As has been thoroughly documented in this space and others over the past couple of seasons, the Penguins have a dearth of goal scoring talent to pair with Sidney Crosby and Evgeni Malkin. That's not going to change anytime soon. But the Ray Shero formula of rolling out a succession of star centers (and the guess here is Malkin will be back at that position eventually), cheap sandpaper and speed on the wings, and an active and mobile defense is about the best you can hope for in the salary cap era.
No one is turning the likes of Pascal Dupuis, Chris Kunitz, Tyler Kennedy, Matt Cooke, Aaron Asham, Mike Rupp, Max Talbot and Craig Adams into 30 goal scorers, but can we expect more from the Penguins' wingers than we've gotten through the season's first 12 games? I say yes. Here's why.
The most effective run the Pens have had under Dan Bylsma happened in the stretch run of the 2008-2009 season. Even when the team didn't win, they were dominating the opposition in shots on goal. From March 1, 2009 through the last 19 games of the regular season, that Cup-winning Penguins team outshot the opposition by an average of 5.9 shots per contest. They were coming in waves and demoralizing people. Full court press. It was during this period of time that the Bylsma catchprase "Get to our game" became ingrained in our consciousness. And it wasn't like that team had an over-abundance of scoring wingers either. Some of these names may look familiar: Kunitz, Cooke, Kennedy, Dupuis, and Talbot, plus Bill Guerin, Ruslan Fedotenko, and Petr Sykora. Those are basically the same guys we've been complaining about for years, and Guerin, Fedotenko, and Sykora were all approaching the "drinking wine with Mario in the owner's box" stage of their careers.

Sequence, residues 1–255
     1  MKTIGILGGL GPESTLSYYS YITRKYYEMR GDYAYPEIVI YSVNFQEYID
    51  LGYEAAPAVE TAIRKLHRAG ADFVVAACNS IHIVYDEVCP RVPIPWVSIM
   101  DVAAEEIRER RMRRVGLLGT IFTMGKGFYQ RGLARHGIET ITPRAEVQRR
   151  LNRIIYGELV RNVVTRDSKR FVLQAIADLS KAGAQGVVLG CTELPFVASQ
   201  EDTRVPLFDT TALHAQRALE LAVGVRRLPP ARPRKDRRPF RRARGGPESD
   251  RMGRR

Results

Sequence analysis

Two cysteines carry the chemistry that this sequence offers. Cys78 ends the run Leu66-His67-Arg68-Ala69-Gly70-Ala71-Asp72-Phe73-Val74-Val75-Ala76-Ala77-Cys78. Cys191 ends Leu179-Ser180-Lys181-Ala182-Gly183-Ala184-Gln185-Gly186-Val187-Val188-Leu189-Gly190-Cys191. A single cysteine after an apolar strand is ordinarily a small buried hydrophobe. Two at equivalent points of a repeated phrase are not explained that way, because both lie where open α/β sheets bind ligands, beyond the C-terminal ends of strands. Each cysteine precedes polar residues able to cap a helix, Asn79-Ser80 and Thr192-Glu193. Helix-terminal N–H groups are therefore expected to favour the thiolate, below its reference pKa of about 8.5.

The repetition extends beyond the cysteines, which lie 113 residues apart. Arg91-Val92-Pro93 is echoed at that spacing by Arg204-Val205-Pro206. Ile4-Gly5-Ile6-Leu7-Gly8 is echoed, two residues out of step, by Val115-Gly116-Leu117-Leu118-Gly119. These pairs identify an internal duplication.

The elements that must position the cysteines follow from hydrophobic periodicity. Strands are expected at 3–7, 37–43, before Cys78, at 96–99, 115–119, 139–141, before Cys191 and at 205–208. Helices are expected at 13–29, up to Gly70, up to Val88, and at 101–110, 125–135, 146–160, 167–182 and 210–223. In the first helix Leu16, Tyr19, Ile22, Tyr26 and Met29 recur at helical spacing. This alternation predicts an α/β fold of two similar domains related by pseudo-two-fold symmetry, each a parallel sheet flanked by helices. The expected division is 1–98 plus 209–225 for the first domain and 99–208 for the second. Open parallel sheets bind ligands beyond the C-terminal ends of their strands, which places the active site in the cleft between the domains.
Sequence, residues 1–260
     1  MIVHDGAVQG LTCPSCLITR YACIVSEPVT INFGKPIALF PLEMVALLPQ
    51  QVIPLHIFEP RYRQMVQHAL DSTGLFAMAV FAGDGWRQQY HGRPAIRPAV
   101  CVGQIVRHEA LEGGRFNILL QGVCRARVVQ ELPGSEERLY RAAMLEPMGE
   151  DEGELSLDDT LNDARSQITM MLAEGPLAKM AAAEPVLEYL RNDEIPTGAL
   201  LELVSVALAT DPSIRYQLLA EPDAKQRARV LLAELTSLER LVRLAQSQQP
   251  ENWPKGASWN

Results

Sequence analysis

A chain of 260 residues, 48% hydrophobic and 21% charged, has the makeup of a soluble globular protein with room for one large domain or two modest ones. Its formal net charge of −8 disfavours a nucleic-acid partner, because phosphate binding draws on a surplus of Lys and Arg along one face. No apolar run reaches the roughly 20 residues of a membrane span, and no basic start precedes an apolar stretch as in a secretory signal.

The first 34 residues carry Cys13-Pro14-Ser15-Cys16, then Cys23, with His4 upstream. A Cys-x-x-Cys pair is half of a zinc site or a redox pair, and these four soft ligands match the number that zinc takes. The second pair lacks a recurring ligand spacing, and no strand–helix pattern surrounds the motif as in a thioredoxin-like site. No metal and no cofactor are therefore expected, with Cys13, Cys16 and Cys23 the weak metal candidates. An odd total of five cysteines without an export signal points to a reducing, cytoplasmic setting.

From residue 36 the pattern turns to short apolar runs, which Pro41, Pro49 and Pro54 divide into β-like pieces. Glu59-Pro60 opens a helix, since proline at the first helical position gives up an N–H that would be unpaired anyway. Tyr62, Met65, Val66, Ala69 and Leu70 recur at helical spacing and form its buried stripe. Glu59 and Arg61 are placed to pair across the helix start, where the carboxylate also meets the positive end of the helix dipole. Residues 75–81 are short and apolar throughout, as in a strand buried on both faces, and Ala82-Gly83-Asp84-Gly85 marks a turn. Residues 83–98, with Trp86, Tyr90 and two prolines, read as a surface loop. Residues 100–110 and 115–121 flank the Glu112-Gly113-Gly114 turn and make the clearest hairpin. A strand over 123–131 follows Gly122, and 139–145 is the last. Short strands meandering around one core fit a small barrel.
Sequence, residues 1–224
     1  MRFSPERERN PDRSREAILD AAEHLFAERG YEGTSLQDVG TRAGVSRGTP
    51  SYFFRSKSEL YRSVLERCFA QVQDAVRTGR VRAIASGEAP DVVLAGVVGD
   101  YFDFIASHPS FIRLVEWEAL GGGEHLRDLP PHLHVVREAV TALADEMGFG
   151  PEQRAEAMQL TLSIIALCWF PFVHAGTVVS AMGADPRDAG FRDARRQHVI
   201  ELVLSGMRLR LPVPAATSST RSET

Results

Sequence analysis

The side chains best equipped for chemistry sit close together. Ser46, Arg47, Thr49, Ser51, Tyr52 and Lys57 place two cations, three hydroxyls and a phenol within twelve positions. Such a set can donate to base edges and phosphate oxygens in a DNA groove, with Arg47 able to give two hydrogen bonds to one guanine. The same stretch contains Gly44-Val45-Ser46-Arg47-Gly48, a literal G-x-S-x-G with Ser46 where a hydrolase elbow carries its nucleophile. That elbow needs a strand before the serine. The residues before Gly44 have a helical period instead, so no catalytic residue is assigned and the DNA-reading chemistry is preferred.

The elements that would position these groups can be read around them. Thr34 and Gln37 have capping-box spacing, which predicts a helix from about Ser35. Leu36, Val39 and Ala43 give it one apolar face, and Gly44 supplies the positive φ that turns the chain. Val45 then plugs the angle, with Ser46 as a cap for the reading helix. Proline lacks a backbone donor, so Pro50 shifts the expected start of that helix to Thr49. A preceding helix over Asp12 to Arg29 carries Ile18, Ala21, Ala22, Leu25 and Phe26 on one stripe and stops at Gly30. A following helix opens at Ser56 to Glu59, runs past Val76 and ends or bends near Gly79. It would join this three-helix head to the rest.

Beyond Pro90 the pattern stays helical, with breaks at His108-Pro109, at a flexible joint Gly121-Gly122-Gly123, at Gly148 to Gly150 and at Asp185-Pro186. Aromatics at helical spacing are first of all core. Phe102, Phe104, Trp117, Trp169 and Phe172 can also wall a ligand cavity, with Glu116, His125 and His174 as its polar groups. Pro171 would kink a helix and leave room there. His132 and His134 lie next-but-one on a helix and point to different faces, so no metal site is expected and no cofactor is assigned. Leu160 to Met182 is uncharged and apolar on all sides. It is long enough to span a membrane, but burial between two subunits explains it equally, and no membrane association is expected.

This season the Pens are still generally outshooting the opposition (by an average of 4.2 shots per game), but that's largely attributable to Paul Martin, Alex Goligoski, and Kris Letang controlling the play from the back end, and certainly not because our top wingers are actually putting the puck on net. Look at the numbers:
Chris Kunitz - 17 shots in 12 games (1.42 spg)
Pascal Dupuis - 18 shots in 12 games (1.5 spg)
Kunitz and Duper have the best passer in the league as their center, and they're combining for fewer than three shots per game. How can that be? Look at a couple of the other tandems riding shotgun with star centers and see how they compare:
Martin St. Louis and Steve Downie (Steven Stamkos wingers) - 56 shots in 10 games (5.6 spg)
Alex Ovechkin and Mike Knuble (Niklas Backstrom wingers) - 89 shots in 11 games (8.0 spg)
Am I saying Kunitz and Dupuis should produce like Ovechkin and St. Louis? Of course not. Should they be shooting more? Absolutely. Mike Knuble has double the shots (32) that Kunitz and Dupuis have. That's the way you create scoring opportunities, even when the initial shot doesn't go in. And we know Kunitz and Dupuis can do better in that department just by looking at the breakdown from their 2009-2010 season on Sid's wing:
Chris Kunitz - 131 shots in 50 games (2.62 spg)
Pascal Dupuis - 157 shots in 81 games (1.94 spg)
Now consider the team's overall performance this season compared to last:
2010-2011 Penguins: 31 shots per game; 2.9 goals per game
2009-2010 Penguins: 34.8 shots per game; 3.3 goals per game
Think this disparity in shots on goal is statistically insignificant? As of this writing, it's the difference between being number 2 in the league (behind San Jose) and being smack in the middle of the pack, tied for number 15. When you're a team lacking scoring touch on the wing, that can make all the difference.
|Hands of stone? Shoot anyway.|
|Aiming for the goalie's chest? Better than nothing.|
Stay tuned today for Finesse's thoughts on the NHL Network.